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Research Article
 

Central Giant Cell Granuloma of the Jaws: A Clinical and Radiographic Study in Khorasan (Iran)



M. Amirchaghmaghi, F. Falaki, N. Mohtasham and M. Imanimoghaddam
 
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ABSTRACT

The aim of this study was to determined demographic, clinical and radiographic features of Central Giant Cell Granuloma (CGCG) of the jaws, for the first time, in north east Iran. In this retrospective study, records of patients with definitive diagnosis of CGCG were extracted from the archive of our faculty from 2004 to 2007. The patient ’s age, sex, duration and clinical features of the lesions, were evaluated. Radiographs were evaluated for radiographic patterns. Of 1232 existing files in our archive (between 2004 and 2008), 18 cases were diagnosed as CGCG. The age range of our patients was between 7 to 65 years with the mean age of 21.5 years. Most of cases (61.1%) were presented in females and 7 cases in males. Most lesions were located in the mandible (83.3%). The most common finding recorded in our patients was a Painless bony expansion of the jaw. Cortical perforation and soft tissue expansion was reported in 9 cases. In most cases, a well defined multilocular radiolucency was observed in OPG, while tooth displacement was seen only in 7 cases. Although, demographic and clinical findings of patients with CGCG in our area were similar to other studies, but some differences were observed in radiographic examination.

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  How to cite this article:

M. Amirchaghmaghi, F. Falaki, N. Mohtasham and M. Imanimoghaddam, 2010. Central Giant Cell Granuloma of the Jaws: A Clinical and Radiographic Study in Khorasan (Iran). Journal of Applied Sciences, 10: 777-780.

DOI: 10.3923/jas.2010.777.780

URL: https://scialert.net/abstract/?doi=jas.2010.777.780
 

INTRODUCTION

Central Giant Cell Granuloma (CGCG) was described by Jaffe in 1953 for the first time as an idiopathic, non neoplastic proliferative lesion (Sholapurkar et al., 2008; De Lange and van der Akker, 2005; Sun et al., 2009). World Health Organization (WHO) defined CGCG as an intra osseous lesion consisting of cellular fibrous tissue containing multiple foci of hemorrhage, aggregations of multinucleated giant cells and occasionally trabeculae of woven bone (Kruse-Losler et al., 2006; Farrier et al., 2006). Clinical behavior of CGCG varies from a slowly asymptomatic swelling to an aggressive lesion with pain, cortical perforation and root resorption (Sun et al., 2009; Farrier et al., 2006; Cossio et al., 2007).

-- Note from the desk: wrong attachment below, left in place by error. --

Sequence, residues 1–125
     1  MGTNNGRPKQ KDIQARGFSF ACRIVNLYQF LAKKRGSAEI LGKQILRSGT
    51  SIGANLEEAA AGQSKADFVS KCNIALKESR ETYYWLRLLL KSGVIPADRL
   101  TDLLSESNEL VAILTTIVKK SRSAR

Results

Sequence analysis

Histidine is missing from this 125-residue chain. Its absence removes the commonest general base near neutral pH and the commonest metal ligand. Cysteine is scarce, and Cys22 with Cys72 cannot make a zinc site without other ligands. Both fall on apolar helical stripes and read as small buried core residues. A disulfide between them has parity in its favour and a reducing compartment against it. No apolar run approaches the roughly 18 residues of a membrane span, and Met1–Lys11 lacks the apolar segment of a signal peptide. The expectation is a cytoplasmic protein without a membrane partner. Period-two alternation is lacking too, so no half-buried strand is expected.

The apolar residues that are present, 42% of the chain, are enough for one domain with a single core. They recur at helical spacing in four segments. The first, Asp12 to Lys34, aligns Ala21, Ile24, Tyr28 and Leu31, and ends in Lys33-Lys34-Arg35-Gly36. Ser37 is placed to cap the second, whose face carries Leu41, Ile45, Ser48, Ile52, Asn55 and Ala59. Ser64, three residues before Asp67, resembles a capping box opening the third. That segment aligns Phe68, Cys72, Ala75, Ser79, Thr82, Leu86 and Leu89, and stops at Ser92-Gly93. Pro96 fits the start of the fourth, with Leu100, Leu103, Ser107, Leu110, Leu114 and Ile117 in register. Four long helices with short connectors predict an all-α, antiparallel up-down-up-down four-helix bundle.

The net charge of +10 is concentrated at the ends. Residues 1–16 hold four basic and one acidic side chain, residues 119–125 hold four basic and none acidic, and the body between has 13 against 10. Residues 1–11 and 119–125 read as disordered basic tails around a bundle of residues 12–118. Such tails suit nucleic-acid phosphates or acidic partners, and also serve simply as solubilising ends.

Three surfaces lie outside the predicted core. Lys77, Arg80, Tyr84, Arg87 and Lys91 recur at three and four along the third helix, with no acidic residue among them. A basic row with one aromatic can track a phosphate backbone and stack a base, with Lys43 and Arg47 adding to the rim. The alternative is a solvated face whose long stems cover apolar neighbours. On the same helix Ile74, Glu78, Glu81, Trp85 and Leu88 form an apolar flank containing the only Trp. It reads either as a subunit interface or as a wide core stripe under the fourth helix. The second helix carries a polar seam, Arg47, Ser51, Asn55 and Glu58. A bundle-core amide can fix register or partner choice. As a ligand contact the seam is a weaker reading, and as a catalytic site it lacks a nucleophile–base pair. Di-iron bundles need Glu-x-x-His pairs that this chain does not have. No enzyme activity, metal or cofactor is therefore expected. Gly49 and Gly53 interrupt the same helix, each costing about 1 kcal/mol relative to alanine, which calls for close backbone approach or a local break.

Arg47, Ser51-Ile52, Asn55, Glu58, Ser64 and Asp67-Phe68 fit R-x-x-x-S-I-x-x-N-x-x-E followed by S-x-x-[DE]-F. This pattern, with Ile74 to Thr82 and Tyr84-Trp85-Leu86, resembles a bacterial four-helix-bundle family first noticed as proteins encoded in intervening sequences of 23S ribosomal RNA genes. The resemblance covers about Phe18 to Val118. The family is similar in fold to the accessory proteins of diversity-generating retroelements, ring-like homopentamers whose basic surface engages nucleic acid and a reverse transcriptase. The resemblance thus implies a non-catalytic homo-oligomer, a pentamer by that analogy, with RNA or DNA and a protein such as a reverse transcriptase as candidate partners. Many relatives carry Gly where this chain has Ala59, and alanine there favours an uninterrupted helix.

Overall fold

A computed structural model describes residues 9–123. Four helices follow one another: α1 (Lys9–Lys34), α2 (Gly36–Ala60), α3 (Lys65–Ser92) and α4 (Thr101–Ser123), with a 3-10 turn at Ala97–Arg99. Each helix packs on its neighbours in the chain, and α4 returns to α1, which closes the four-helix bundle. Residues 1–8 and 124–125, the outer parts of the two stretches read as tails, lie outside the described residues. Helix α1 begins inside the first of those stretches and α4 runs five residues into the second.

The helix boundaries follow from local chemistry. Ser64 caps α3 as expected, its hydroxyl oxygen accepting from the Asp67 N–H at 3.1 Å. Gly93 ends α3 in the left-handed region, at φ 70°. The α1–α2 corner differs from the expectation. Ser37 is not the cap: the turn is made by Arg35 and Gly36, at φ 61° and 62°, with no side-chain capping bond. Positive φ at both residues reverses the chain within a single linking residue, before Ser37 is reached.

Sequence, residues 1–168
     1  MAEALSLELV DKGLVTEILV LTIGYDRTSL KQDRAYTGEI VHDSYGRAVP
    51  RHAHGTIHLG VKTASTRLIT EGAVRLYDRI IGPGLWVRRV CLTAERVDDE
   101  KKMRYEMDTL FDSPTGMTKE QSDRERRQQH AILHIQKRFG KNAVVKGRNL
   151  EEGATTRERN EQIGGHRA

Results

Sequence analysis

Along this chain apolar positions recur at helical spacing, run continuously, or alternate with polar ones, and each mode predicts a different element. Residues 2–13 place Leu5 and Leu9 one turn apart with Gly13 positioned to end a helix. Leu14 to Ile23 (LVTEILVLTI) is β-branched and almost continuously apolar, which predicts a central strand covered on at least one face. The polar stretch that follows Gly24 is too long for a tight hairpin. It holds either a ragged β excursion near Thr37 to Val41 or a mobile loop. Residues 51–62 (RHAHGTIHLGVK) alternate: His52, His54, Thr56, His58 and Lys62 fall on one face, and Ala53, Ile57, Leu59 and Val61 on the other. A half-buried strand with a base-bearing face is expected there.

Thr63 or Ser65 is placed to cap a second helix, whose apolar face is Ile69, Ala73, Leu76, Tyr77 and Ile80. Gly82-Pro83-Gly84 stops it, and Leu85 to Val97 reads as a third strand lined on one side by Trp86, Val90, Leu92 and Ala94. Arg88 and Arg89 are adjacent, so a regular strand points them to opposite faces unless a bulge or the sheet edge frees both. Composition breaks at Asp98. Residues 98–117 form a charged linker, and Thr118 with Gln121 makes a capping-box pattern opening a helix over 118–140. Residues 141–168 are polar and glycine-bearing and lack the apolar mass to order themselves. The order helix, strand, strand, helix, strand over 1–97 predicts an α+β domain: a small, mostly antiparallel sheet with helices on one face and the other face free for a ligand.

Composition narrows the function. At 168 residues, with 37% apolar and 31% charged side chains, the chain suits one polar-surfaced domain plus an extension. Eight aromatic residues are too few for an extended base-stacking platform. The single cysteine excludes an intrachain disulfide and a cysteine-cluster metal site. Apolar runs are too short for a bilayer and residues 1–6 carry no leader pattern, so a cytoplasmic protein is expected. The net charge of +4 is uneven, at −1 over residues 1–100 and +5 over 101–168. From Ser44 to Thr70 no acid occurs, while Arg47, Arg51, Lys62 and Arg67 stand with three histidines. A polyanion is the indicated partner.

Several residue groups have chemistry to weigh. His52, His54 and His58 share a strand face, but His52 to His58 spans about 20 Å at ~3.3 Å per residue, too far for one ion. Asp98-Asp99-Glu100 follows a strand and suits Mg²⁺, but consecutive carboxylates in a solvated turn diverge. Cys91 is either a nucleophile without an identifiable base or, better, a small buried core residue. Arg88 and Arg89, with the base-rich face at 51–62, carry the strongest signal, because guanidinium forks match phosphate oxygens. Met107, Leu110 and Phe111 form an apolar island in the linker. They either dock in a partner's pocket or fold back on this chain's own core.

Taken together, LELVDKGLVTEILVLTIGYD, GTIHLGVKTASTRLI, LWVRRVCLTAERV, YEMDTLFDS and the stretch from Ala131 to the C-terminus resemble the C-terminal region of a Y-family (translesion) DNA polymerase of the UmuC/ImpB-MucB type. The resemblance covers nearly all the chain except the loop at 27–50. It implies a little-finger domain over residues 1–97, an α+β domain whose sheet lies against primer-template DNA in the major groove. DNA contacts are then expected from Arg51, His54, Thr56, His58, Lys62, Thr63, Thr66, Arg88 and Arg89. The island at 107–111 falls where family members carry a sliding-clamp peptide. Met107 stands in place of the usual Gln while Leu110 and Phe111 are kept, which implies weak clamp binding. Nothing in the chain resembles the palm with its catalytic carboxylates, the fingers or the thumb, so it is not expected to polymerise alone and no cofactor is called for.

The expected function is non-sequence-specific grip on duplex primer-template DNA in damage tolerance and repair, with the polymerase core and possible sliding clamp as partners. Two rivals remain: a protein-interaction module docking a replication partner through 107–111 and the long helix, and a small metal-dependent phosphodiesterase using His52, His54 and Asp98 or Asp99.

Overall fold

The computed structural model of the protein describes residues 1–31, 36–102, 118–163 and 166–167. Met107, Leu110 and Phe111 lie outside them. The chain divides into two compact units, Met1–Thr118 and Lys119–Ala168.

The CGCG of the jaws account for approximately 7% of all benign tumors of the jaws (Sun et al., 2009; Kruse-Losler et al., 2006). These lesions mainly occur in young adults with a predilection for females (De Lange and van der Akker, 2005; Kruse-Losler et al., 2006; Regezi, 2002; Stavropoulos and Katz, 2003). The lesions must be differentiated from a variety of the jaw lesions such as cysts, odontogenic tumors, fibro-osseus lesions, vascular malformations and even malignancies (De Lange and van der Akker, 2005; Kruse-Losler et al., 2006).

In radiography a unilocular or multilocular radiolucency is observed (Kruse-Losler et al., 2006; Farrier et al., 2006). As this is a slow growing lesion, borders are usually well defined. Teeth displacement, root and lamina dura resorption of the teeth may also be observed (Farrier et al., 2006; White and Pharoah, 2004). Small CGCG lesions may have no radiographic pattern.

The traditional treatment of CGCG is local curettage, however, aggressive subtypes of CGCG show a tendency to recurrence and required bone resection (Kruse-Losler et al., 2006; Lange et al., 2007). Recently, non surgical methods such as using systemic Calcitonin, Alpha interferon and intra-lesionary injection of corticosteroids have emerged (Sun et al., 2009; Farrier et al., 2006). The purpose of this study was to analyze the clinical and radiographic features of 18 cases of central giant cell granuloma for the first time in our province. Increasing awareness of dental practitioners about clinical and radiographic features of this lesion has an important role in the early diagnosis of CGCG.

MATERIALS AND METHODS

In this retrospective study, all the existing records in the archive of Oral Medicine Department of Mashhad Dental Faculty from 2005 to 2008 were reviewed and the records of CGCG cases were extracted. All cases with clinical diagnosis of CGCG were confirmed by diagnostic biopsy and histopathological examination performed by the same pathologist in Oral and Maxillofacial Pathology Department prior to definitive surgical treatment. Clinical and radiographic findings were analyzed focusing on age, gender, location of the lesions, signs and symptoms at presentation and radiographic findings. Data were analyzed using SPSS version 15 (SPSS Inc., Chicago, IL). Radiographs of these cases were examined in the Oral and Maxillofacial Radiology Department by the same radiologist again by using orthopantographs as a minimum standard. Cases of hyperparathyroidism were excluded by laboratory tests.

As it was a retrospective study focusing on archived medical records, it doesn't seem necessary to obtain permission from ethical committees to publish patient's information without their prior consents.

RESULTS AND DISCUSSION

During the period of this study, 18 patients with CGCG were diagnosed in our Department. The mean age at the time of diagnosis was 23.5 years and male to female ratio was 7 to 11.